Enjoying the outdoors during the spring and summer months typically goes hand in hand with a few mosquito bites and it's unavoidable here in the Bluegrass.
But, a new kind of research at the University of Kentucky may help cut down on the pest altogether.
By the end of the summer, many of us will have had our fair share of encounters with mosquitoes that have spoiled our backyard picnics. But researchers in the UK College of Agriculture are hoping they have discovered a secret weapon to battle and eventually wipe-out many notorious species.
Stephen Dobson and his research team have collected male versions of the Asian Tiger mosquito, a mosquito that we are likely to come in contact with each summer. They see potential in future generations that could help control the most destructive species of these insects here in Kentucky.
Dobson says his secret weapon is a bacteria called wolbachia that some mosquitoes already carry. By harnessing it, they can infect some of the male mosquitoes so that when they mate with a female their eggs will not hatch.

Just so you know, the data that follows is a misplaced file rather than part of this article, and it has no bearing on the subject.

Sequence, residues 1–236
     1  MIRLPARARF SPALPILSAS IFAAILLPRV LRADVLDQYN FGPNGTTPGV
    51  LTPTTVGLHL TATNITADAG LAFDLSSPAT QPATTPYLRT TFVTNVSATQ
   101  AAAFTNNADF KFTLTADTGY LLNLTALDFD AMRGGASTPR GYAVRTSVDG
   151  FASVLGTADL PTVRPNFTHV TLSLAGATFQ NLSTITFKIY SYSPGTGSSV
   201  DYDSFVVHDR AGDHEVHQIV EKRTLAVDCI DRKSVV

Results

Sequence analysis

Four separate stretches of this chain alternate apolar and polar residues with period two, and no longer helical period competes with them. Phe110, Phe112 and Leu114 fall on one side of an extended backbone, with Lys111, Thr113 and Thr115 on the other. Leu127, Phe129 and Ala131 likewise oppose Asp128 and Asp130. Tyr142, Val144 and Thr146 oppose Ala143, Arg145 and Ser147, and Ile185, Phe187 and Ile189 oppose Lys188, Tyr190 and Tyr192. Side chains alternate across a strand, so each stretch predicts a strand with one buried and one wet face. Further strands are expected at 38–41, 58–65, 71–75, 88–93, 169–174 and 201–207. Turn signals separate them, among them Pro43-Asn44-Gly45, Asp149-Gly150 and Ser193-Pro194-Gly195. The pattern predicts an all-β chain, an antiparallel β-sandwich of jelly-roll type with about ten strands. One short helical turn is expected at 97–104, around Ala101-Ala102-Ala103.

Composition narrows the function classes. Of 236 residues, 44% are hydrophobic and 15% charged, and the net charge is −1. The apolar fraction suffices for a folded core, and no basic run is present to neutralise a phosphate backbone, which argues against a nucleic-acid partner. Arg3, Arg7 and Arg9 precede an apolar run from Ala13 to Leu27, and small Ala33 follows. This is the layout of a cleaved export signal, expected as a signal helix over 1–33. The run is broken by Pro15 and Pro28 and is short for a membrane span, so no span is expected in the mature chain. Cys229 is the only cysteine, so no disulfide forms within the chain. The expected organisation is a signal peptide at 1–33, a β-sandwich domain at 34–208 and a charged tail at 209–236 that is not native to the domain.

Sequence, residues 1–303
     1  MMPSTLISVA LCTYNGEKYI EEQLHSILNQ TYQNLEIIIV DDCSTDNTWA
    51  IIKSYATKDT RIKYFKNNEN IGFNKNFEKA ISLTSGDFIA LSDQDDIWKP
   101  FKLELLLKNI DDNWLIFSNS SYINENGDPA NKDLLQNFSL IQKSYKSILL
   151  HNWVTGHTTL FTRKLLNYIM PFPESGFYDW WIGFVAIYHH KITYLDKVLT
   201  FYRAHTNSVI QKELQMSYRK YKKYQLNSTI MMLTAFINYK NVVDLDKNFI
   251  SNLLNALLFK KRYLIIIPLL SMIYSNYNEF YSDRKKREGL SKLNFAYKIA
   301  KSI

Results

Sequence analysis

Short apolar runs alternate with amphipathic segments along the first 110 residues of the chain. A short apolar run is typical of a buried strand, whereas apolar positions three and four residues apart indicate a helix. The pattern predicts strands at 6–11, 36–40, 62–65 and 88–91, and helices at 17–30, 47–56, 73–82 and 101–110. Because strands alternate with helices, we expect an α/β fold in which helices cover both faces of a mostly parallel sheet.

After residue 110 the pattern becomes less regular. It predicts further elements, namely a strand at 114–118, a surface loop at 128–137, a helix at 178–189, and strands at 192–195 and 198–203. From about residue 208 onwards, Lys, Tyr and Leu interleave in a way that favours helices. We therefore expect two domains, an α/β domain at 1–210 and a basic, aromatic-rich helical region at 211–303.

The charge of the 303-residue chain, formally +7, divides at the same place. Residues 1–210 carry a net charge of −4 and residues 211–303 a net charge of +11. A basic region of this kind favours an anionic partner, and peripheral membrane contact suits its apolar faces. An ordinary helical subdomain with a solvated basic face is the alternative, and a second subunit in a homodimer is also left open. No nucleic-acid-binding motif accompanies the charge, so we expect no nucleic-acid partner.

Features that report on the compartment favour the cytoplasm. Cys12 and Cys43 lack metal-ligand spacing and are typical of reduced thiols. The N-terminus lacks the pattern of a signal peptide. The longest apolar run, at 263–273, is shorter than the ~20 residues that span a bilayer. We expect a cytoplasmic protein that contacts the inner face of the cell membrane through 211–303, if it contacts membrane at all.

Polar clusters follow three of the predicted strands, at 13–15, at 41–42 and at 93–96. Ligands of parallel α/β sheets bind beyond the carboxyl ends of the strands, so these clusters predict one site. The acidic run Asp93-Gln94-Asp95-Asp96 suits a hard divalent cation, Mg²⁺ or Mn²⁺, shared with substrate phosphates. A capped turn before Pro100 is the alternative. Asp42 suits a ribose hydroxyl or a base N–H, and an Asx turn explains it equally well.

"Instead of you having to find where these mosquitoes are breeding and trying to treat them, they are delivering themselves and mating with the females and you end up with eggs that don't hatch and the population goes down," says Dobson.
Dobson says "what we want to do is to develop a tool that allows you to essentially release male mosquitoes which don't bite, and transmit diseases."
Essentially, these UK researchers hope to eventually eliminate specific populations that carry deadly diseases which yearly result in deaths throughout the world.
Dobson's team has attracted funding for their work through grants from the Bill and Malinda Gates foundation and the National Institute of Health.
They are also closely working with colleagues in Australia, Thailand, Vietnam, and Japan.